Tues 10.23.12 | More Federici, and Occupy

Sylvia Federici, Revolution at Point Zero PM Press/Autonomedia, 2012

Part One of the Federici interview

Schrager Lang & Lang/Levitsky, eds., Dreaming in Public: Building the Occupy Movement New Internationalist, 2012

Leo Panitch and Sam Gindin speak at KPFA benefit tomorrow

In Part Two of our interview with Sylvia Federici, the radical feminist scholar and veteran activist talks about elder care, abortion, technology, and collective struggles against austerity and privatization. Also, Daniel Lang/Levitsky discusses a new volume that features writings and images produced by Occupy movement participants.

Mon 10.22.12 | Neil Smith on Liberalism and Globalization

Neil Smith, The Endgame of Globalization Routledge, 2005






Conventional left wisdom holds that the foreign policy of the Bush administration broke radically with the approach of its predecessor. Yet how accurate is that conclusion? In this archival conversation, the late pioneering Marxist geographer Neil Smith, who died unexpectedly on September 29th, discusses the history of liberalism, US hegemony, and the invasion of Iraq, which he characterizes as the endgame of globalization.

Wed 10.17.12 | Federici on "Reproductive Work"

Housewives toil without pay; the family home has become a private, isolated space; immigrant caregivers leave behind their own children; capitalism devalues domestic work in order to cut the cost of labor power: It's not a pretty picture, but it needs to be made visible and put into context, and Sylvia Federici has done both with distinction, over several decades of writing and activism and in her new book.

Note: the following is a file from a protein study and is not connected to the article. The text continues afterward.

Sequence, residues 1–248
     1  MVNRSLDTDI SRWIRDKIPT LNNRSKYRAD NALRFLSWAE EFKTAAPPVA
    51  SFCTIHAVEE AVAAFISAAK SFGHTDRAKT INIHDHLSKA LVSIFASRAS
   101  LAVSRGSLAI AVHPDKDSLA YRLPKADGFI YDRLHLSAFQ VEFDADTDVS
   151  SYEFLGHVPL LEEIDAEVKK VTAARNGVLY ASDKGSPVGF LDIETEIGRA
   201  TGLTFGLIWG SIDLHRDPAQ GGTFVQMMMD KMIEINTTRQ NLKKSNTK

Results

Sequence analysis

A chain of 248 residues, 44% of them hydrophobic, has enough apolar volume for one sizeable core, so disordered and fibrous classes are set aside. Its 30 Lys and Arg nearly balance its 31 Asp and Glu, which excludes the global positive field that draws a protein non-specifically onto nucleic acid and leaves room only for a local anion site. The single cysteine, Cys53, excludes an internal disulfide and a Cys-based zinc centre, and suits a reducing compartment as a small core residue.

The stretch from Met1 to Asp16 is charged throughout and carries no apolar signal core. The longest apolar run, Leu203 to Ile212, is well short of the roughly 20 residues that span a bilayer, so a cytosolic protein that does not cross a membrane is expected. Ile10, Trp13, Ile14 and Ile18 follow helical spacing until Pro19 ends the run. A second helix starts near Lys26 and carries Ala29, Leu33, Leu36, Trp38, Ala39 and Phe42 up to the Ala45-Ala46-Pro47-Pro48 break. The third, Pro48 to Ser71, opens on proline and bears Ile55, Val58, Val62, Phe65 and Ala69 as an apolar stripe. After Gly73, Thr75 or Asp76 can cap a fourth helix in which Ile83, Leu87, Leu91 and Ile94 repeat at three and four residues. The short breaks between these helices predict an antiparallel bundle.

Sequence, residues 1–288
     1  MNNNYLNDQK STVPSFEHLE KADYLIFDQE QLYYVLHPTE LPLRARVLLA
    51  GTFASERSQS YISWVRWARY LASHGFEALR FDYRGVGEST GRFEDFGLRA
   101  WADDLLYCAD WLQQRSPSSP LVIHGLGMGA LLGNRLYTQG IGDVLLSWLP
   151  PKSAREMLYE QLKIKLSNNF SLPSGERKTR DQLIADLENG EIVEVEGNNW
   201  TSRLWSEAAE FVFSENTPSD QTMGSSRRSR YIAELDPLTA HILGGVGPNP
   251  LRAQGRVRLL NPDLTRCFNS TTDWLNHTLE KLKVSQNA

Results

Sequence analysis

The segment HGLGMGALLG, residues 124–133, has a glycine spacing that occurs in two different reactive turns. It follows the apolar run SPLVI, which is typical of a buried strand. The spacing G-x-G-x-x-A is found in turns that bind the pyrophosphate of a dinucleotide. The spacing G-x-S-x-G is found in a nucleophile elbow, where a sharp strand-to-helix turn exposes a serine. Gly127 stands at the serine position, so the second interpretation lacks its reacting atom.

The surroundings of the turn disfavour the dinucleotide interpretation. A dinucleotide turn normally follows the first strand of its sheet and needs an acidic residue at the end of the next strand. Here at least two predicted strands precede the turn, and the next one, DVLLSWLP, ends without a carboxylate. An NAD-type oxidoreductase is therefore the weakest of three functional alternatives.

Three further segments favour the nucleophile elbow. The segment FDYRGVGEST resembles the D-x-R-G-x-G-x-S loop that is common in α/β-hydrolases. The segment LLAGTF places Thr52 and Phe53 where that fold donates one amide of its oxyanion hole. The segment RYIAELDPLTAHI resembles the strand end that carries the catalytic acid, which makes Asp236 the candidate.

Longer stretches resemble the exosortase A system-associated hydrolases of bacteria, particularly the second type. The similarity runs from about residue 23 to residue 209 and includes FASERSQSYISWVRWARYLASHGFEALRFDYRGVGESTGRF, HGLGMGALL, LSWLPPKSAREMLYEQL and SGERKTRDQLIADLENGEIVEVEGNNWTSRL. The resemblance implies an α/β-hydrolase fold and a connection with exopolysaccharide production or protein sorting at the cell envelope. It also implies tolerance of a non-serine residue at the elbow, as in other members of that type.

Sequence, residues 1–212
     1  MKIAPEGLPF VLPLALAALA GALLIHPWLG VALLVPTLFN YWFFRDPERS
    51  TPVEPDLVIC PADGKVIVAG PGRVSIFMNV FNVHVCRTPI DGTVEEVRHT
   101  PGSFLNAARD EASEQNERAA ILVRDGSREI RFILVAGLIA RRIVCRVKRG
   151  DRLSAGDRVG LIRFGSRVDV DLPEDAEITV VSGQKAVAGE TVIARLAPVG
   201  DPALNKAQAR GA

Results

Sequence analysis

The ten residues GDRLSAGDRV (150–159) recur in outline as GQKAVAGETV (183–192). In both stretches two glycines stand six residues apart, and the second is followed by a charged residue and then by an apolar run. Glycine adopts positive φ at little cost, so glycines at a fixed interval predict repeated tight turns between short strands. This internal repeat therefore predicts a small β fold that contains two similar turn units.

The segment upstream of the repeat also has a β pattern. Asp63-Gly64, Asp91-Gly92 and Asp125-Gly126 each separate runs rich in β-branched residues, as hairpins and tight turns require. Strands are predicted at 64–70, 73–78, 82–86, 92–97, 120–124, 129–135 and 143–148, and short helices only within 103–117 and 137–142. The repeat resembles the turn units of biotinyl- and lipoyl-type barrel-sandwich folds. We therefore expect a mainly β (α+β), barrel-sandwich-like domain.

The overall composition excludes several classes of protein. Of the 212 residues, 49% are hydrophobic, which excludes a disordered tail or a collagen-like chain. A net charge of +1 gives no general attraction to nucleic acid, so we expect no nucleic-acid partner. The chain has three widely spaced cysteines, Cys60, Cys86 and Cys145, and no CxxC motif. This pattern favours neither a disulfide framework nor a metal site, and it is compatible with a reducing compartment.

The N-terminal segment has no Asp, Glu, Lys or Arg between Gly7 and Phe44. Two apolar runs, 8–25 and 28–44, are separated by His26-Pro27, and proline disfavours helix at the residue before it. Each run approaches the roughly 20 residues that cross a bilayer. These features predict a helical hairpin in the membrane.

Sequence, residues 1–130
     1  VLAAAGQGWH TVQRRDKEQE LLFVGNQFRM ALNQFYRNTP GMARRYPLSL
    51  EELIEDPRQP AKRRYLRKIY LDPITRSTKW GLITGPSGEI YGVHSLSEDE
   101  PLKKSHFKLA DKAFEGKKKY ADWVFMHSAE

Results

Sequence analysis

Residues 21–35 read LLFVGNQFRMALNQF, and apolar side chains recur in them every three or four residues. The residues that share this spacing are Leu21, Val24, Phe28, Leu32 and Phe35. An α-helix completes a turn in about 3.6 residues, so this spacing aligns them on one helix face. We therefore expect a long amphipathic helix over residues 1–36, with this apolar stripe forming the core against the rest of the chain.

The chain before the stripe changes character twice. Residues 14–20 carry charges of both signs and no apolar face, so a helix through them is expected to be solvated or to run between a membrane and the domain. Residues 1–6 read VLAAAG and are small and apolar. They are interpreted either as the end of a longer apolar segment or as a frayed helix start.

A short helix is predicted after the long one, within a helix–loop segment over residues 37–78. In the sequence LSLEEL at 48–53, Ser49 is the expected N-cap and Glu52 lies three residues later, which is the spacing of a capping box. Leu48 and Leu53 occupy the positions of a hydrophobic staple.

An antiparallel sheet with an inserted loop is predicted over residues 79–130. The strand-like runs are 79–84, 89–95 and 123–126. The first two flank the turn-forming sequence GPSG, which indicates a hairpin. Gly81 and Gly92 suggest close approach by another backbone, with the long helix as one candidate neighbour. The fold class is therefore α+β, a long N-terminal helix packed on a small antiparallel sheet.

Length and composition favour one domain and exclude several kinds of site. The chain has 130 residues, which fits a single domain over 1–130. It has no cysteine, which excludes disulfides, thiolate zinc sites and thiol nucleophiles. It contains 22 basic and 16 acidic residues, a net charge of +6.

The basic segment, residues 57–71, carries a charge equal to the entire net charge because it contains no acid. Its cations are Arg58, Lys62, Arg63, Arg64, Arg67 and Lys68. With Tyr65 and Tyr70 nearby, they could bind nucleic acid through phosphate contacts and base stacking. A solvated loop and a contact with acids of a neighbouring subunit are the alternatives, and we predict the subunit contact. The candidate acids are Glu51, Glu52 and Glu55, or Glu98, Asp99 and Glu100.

Tues 10.16.12 | The World's Deadliest Invention?

After the lawsuits of the last fifteen years, most people assume that Big Tobacco was dealt a mortal blow. Yet the 21st century is poised to see ten times more deaths than the already mind-boggling number of people who died from cigarettes in the 20th. Historian of science Robert Proctor discusses the contents of cigarettes, which may include arsenic and radioactive polonium amongst other bizarre ingredients, the strange episode of Nazi research into tobacco, and the ways that academics have been bought off by America's most powerful industry.

Mon 10.15.12 | The Multiple Meanings of "Latino"

HoSang, LaBennett & Pulido, eds., Racial Formation in the Twenty-First Century UC Press, 2012

Tomas Almaguer, Racial Fault Lines: The Historical Origins of White Supremacy in California UC Press, 2008 (2d ed.)

To say that there are 50 million Latinos in the US is to suggest that the category of "Latino" is clear-cut and straightforward. But is that true? Tomas Almaguer highlights the ambiguities; he also examines how Latinos, a tremendously diverse population, have been racialized, and how they racialize each other. Almaguer brings up as key factors both the US Census and Spain's colonization of Mexico and Puerto Rico.

Wed 9.19.12 | Academic Labor & Higher Ed in Crisis

William Deresiewicz at The Nation

William Deresiewicz, A Jane Austen Education Penguin, 2011




"A self-enriching aristocracy, a swelling and increasingly immiserated proletariat, and a shrinking middle class." In the eyes of Bill Deresiewicz, that describes not just the US economy but also the troubled landscape of higher education. Deresiewicz discusses the plight of academic labor and other trends within the academy. He also evaluates calls for the abolition of tenure and for technology-based and market-driven reforms. (Encore presentation.)

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